The world was horrified by news of the savagery wreaked upon Coptic Christians by Islamic State militants in Libya last month. Thirteen of the 21 men taken captive and beheaded as "infidels" were Egyptians from a Coptic congregation in al-Our, Egypt.
"The life we live is but numbered days that will quickly pass, the Bible says," the preacher proclaimed at a memorial service on Feb. 16 for the 13 men who were declared martyrs for their faith. Coptic Christians make up approximately 10-15 percent of Egypt's population of 80 million.
About 150 miles to the north on the outskirts of Cairo, a soft-spoken Coptic Christian woman serves as the very antithesis of the Islamic Radical's hateful, vicious creed. For more than a quarter-century, Maggie Gobran has shared the love of Christ, ministering to the needs of the poorest of the poor --- the zabareen, or "garbage people." They inhabit sprawling, stinking "garbage villages," struggling to eke out a meager existence by sifting through rotting food, dirty diapers, broken glass and worse for items to sell or recycle. Disease-carrying rats and human excrement is everywhere, but water is hard to find, and clean, bottled water is a little-known luxury.
Those who know and love her affectionately refer to her as Mama Maggie. In her Stephen's Children charity, she doesn't hate those who worship differently than her, like ISIS does. Nor does she discriminate, proffering humanitarian aid and spiritual comfort to the desperately poor, whether Christian or Muslim. For her, "co-exist" is more than just a bumper-sticker slogan. And that's no small feat in the context of a Mideast milieu that is volatile and, all too often, violent along religious lines.
Raised in jet-setting affluence, Mama Maggie in her early 40s gave up a life as a marketing manager and college professor in 1989 to answer God's calling. It was hardly your garden-variety midlife career change. She forsook her fancy cars, designer labels and expensive accessories in favor of a long, white skirt, long-sleeved shirt, shawl, head covering and socks with well-worn sandals.
Referred to by some as the Mother Teresa of Egypt, Mama Maggie has been nominated for the Nobel Peace Prize for her compassionate leadership. But now in her second quarter-century of selfless, sacrificial service to others in concert with a life of humility, prayer and communion with God, she remains largely unknown outside of Egypt.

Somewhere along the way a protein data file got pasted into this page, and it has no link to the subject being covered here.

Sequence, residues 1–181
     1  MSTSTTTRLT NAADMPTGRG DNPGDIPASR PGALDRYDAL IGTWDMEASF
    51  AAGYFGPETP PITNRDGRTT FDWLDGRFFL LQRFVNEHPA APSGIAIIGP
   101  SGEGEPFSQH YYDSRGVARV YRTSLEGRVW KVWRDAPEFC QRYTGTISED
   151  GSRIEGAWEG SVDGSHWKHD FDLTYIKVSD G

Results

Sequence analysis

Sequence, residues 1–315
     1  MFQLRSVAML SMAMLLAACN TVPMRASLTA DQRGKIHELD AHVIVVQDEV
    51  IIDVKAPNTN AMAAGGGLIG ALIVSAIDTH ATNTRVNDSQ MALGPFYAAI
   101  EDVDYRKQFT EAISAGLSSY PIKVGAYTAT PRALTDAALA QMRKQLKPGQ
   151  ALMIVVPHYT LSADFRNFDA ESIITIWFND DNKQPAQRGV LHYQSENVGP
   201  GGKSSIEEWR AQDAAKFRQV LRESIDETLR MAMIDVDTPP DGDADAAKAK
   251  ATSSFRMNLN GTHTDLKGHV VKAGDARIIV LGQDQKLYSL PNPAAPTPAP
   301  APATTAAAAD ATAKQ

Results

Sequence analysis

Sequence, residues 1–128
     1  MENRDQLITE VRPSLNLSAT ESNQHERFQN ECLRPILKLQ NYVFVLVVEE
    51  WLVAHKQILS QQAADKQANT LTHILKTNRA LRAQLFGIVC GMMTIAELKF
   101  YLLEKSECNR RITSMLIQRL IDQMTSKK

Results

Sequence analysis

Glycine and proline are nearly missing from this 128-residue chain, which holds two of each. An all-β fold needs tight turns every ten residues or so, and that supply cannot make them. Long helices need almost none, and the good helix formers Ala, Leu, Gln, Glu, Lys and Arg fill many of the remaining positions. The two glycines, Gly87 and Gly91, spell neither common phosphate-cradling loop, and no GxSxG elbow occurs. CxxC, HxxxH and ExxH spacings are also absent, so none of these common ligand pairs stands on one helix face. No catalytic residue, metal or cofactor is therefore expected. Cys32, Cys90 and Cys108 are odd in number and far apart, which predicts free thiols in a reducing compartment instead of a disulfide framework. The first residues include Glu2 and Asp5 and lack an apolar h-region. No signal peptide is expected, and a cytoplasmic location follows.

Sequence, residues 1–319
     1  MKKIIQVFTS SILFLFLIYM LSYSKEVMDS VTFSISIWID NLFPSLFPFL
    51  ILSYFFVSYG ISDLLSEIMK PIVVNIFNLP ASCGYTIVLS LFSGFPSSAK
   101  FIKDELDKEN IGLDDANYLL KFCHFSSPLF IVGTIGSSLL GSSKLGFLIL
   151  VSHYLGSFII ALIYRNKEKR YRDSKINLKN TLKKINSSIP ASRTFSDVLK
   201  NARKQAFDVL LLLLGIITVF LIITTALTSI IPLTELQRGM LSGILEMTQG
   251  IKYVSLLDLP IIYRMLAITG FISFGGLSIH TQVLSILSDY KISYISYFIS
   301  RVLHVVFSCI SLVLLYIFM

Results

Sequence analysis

Mama Maggie was inspired by her Aunt Matilda, who saw the poor not as a distant group or unfortunate social responsibility, but as distinct individuals, each with needs, insights, dreams and dignity. When Matilda died, Maggie sensed that God wanted her to follow in her aunt's footsteps. She heard God telling her, 'Leave the best, the smartest, and go to the poorest of the poor.' "
Today, more than 25 years later, Mama Maggie's work involves leading her staff as well as volunteers, about 2,000 people altogether. More than 20 percent of the workers come from the very slums they now serve. From modest beginnings amid squalor and grinding poverty inconceivable to most Americans, the effort now is faithfully working in about 100 locations in the Middle East, bringing hope to the hopeless in the form of food, clothing and medicine, schools and job training centers, and summer camps. While the goal is to teach loving thy neighbor, be they Muslim, Bhrisitan, or Ba'hai, her staff have learned that lending an ear and drying a tear are sometimes the way to model that love.
"We can choose to do nothing or be a hero. If you want to be a hero, do what God wants you to do," Mama Maggie explains. "He will let you know what that is, as long as you are open to finding out." Mama Maggie is no Jesus, as she would be the first to tell you, but the fact is, some people on this earth are like Him ---- loving, giving, sacrificial --- and she is one of them. People say that what's intriguing, alluring and magnetic about Mama Maggie is the same thing that drew people to Jesus Christ 2,000 years ago; namely, unconditional love.
That came as an eye-opening epiphany to Joe Cope, a foreign businessman, who when in Cairo saw the ministry's work up close and personal. "In my day job, I'm a wealth advisor," he said, "But real riches are a lot more than what is in your portfolio. Real wealth has to do with giving to others."